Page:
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Rev Frank Haughton 1947 – 2000

Frank Haughton was born in Irvine in 1915, the youngest of a family of five. He attended the local Primary School and went to Irvine Royal Academy where he gained his University qualification. He started at Glasgow University in 1934 and graduated M.A. in 1937. By this he had decided on a career in the ministry and entered Trinity College gained his B.D. degree in 1940.
Mr Haughton began his ministry as a locum at Fullarton Church, Ayrshire before receiving the call to this first charge at Gallatown Parish Church Kirkcaldy in 1942. In Kirkcaldy Mr Haughton set the pattern of his future ministry by totally involving himself in all the work of that church. His testimonial from them on leaving to come to St Mary’s is evidence of the respect he gained, –
We can fully testify to the admirable and conscientious manner in which he carried out his duties, to his efficiency as an organiser and to the enthusiastic thoroughness he applies to all tasks assigned to him.
Rev Mr Haughton was inducted to our church on the 9th September 1947. He immediately took a leading role in all organisations and forming of many new ones including the Boys Brigade in 1959.
Mr Haughton retired on 2nd September 2000 after 53 years at St Mary’s. Mr Haughton still continued to worship in the Church until his death on 31st March 2013 aged 97.

From Glasgow Hearld …

Rev Frank Haughton


Born: September 15, 1915; Died: March 31, 2013.

Rev Frank Haughton, who has died aged 97, was one of the Church of Scotland’s longest-serving ministers with a career that spanned almost six decades.

He devoted 53 of those years to St Mary’s Parish Church in Kirkintilloch, witnessing the East Dunbartonshire town grow significantly during the post-war era and making his own substantial contribution to the local community during his tenure.

Not least among his achievements was the improvement in relations with the Roman Catholic Church and the warm bond he forged with a local priest who became a close and long-standing colleague.

Born in Irvine, he was the youngest of five children and was educated at the local primary and Irvine Royal Academy. He went to the University of Glasgow in 1934 and graduated with an MA three years later, by which time he already had a sense of being called to the ministry.

As a result he went to the Church of Scotland’s Trinity College in Glasgow, where he won the prize for Greek and Hebrew, graduating as a Bachelor of Divinity in 1940. He began his ministry as a locum at Fullarton Church, Ayrshire, before receiving the call to his first charge at Gallatown Parish Church, Kirkcaldy, in 1942.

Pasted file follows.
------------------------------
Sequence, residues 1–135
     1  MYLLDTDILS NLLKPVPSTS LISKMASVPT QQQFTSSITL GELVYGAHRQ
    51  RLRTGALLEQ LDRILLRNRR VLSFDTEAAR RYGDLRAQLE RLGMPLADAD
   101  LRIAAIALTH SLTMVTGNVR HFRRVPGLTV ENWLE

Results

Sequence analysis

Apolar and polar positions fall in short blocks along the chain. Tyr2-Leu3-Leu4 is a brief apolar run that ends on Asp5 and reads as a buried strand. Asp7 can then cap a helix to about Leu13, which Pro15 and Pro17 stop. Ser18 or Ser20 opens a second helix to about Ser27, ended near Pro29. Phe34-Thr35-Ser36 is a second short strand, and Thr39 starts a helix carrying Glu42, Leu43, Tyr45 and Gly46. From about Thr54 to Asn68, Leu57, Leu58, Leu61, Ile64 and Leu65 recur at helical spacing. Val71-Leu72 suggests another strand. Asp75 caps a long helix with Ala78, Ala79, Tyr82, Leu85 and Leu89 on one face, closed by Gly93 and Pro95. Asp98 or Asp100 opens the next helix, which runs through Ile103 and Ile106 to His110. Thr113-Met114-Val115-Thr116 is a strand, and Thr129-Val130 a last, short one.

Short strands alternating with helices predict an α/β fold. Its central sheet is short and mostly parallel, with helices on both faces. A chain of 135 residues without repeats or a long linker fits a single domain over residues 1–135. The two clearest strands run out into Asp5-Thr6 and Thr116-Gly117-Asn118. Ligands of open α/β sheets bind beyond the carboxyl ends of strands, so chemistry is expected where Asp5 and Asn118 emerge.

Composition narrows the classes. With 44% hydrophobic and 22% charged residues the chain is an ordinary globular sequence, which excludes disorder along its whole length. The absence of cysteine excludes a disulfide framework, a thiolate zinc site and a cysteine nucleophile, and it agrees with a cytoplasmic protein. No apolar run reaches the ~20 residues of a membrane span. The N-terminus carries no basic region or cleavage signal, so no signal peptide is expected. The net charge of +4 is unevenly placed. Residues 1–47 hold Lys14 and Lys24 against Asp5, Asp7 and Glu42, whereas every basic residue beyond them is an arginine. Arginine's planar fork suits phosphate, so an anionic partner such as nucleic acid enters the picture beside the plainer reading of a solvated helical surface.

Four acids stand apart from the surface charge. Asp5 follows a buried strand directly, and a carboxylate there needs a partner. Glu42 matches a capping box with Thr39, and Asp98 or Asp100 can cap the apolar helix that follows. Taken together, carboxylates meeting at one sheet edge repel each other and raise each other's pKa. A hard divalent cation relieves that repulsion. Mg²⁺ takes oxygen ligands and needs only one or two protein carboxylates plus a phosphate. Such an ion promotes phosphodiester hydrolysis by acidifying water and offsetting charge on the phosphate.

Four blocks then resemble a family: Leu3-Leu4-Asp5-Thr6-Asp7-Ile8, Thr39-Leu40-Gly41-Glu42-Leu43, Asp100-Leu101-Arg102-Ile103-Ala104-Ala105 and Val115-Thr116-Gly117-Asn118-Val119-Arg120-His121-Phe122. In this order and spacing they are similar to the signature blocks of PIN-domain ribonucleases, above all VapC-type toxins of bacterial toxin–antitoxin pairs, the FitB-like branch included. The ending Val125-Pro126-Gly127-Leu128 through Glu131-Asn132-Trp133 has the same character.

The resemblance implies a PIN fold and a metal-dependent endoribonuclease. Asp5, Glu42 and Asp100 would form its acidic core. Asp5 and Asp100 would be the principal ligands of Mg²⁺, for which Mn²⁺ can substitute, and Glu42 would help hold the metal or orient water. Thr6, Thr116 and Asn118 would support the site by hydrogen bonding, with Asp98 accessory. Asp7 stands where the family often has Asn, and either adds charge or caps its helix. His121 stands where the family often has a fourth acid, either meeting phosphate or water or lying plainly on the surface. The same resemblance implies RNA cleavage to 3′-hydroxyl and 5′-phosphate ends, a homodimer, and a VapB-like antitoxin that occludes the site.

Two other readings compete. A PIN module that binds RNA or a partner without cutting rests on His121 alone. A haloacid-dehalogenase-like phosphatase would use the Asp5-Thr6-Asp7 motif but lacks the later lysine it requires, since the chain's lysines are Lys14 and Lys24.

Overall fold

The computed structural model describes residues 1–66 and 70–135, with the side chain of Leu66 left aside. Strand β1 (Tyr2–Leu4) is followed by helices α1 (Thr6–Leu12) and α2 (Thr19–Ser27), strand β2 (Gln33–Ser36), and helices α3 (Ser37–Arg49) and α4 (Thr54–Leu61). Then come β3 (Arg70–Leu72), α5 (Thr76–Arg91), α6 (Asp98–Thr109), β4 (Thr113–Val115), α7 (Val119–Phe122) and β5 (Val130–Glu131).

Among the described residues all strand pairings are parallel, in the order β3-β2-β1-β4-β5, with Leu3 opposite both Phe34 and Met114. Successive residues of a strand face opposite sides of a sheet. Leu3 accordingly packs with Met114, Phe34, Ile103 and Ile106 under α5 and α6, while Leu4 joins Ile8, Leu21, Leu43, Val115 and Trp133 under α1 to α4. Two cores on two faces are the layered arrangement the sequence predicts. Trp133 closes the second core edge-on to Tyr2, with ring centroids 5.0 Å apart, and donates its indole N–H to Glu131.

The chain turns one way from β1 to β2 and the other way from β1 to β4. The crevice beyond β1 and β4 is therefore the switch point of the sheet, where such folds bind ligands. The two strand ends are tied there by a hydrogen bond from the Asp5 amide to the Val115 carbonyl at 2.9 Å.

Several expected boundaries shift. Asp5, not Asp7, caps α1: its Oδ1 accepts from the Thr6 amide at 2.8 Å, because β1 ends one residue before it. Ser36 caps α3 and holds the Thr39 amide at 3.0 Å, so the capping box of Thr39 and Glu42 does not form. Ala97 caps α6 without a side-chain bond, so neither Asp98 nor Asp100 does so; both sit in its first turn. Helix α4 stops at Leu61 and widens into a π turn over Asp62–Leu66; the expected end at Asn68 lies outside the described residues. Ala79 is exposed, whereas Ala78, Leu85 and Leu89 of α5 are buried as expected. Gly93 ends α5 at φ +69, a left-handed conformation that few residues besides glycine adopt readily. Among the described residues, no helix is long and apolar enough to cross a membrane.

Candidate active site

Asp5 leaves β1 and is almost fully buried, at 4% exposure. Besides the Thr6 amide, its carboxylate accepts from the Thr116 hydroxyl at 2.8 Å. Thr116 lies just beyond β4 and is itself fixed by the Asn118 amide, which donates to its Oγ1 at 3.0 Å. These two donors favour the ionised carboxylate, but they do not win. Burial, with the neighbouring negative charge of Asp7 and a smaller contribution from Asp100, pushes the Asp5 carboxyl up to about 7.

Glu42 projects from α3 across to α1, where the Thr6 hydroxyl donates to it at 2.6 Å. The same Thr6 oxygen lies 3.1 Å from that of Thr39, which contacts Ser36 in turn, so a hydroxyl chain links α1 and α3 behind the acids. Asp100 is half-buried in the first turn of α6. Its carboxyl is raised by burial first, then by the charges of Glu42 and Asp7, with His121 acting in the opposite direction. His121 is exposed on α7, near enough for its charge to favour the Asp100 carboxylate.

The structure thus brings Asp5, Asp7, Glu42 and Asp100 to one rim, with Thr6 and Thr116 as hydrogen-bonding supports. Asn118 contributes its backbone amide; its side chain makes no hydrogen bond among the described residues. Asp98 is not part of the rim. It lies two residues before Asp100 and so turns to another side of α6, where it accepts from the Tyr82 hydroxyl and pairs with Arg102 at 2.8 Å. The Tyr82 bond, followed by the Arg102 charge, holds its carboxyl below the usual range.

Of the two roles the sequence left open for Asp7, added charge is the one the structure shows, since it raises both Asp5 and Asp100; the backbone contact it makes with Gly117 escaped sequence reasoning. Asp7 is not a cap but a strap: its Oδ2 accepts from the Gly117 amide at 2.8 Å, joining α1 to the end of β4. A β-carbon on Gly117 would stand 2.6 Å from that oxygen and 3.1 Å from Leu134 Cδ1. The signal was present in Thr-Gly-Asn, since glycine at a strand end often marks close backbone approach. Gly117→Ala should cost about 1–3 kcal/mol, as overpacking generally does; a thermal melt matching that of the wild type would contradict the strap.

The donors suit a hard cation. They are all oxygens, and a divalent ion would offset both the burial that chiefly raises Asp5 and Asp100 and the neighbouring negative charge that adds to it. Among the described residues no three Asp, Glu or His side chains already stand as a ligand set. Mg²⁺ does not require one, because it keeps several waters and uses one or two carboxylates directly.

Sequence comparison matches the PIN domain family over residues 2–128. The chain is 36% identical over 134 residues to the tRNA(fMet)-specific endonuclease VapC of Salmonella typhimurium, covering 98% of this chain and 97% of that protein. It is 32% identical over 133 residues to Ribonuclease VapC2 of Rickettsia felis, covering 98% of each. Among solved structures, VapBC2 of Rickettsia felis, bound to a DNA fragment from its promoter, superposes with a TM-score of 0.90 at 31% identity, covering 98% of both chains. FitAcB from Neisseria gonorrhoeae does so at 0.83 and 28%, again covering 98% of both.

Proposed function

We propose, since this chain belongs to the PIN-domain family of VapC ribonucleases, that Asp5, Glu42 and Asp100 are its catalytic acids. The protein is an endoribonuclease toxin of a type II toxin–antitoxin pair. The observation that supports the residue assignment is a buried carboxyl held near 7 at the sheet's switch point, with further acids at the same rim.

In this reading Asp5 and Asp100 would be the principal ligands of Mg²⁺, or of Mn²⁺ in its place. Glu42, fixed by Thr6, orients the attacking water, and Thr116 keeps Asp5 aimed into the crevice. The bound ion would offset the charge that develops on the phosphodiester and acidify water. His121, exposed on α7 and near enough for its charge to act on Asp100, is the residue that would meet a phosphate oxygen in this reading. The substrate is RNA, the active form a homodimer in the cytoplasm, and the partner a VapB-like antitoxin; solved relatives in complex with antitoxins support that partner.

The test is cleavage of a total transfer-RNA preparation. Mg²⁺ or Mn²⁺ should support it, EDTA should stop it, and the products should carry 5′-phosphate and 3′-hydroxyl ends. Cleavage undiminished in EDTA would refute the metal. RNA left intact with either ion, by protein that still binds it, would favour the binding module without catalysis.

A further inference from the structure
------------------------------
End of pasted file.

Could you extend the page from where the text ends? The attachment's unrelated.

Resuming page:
There he immersed himself in the work of the church and, on his departure five years later, earned a glowing testimonial for his conscientiousness, efficient organisational skills and the enthusiastic thoroughness he applied to everything he tackled.

Having married his school sweetheart Peggy, with whom he had two sons, they moved to St Mary’s, Kirkintilloch, where he was inducted in September, 1947. Again, he threw himself enthusiastically into the role. He set up a youth guild, encouraging many members to become Sunday school teachers, and established the 5th Kirkintilloch Boys’ Brigade company – he was elected Best Boy during his own BB days in Irvine.

While he was appointed chaplain to Kirkintilloch High School, founded the local Rotary Club and became its first president, Peggy started the local Women’s Guild. He combined this community work with his preaching, a daily routine of visits to many housebound parishioners plus frequent pastoral support to the town’s Waverley Park Home for children with special needs. He also served as convenor of Glasgow Presbytery’s maintenance of the ministry committee.

When he first arrived in Kirkintilloch relations between the Kirk and the Catholic Church were poor but he worked to build bridges, becoming very good friends with Father Gus Hurley of St Ninian’s RC Church and was involved with the multi-denominational Action of Churches Together.

Things got done under his leadership, including the building of new church halls and a manse. On occasion he ensured they did not get done: he joined forces with a local doctor to oppose the construction of a care home on Peel Park and save the recreation ground.

During his tenure the church celebrated its 80th anniversary in the current building with a service broadcast live on Scottish Television to mark the event in 1994. And on the 50th anniversary of his charge, in 1997, he announced that he hoped to continue preaching at St Mary’s “until the good Lord stops me”.

Three years later he stepped down, admitting he found it hard to break the pastoral tie with his church but acknowledging that parish work took its toll. He also found it difficult to conduct the funerals of those parishioners with whom he had spent so much of his life.

He continued to worship at St Mary’s and preached there each year on the anniversary of his retirement. He also preached on significant St Mary’s anniversaries, delivering his sermon without notes, as he had always done, to a welcoming congregation.

Widowed by Peggy’s death in 1982 and predeceased by their son Gillies, he is survived by their elder son Frank and five grandchildren.

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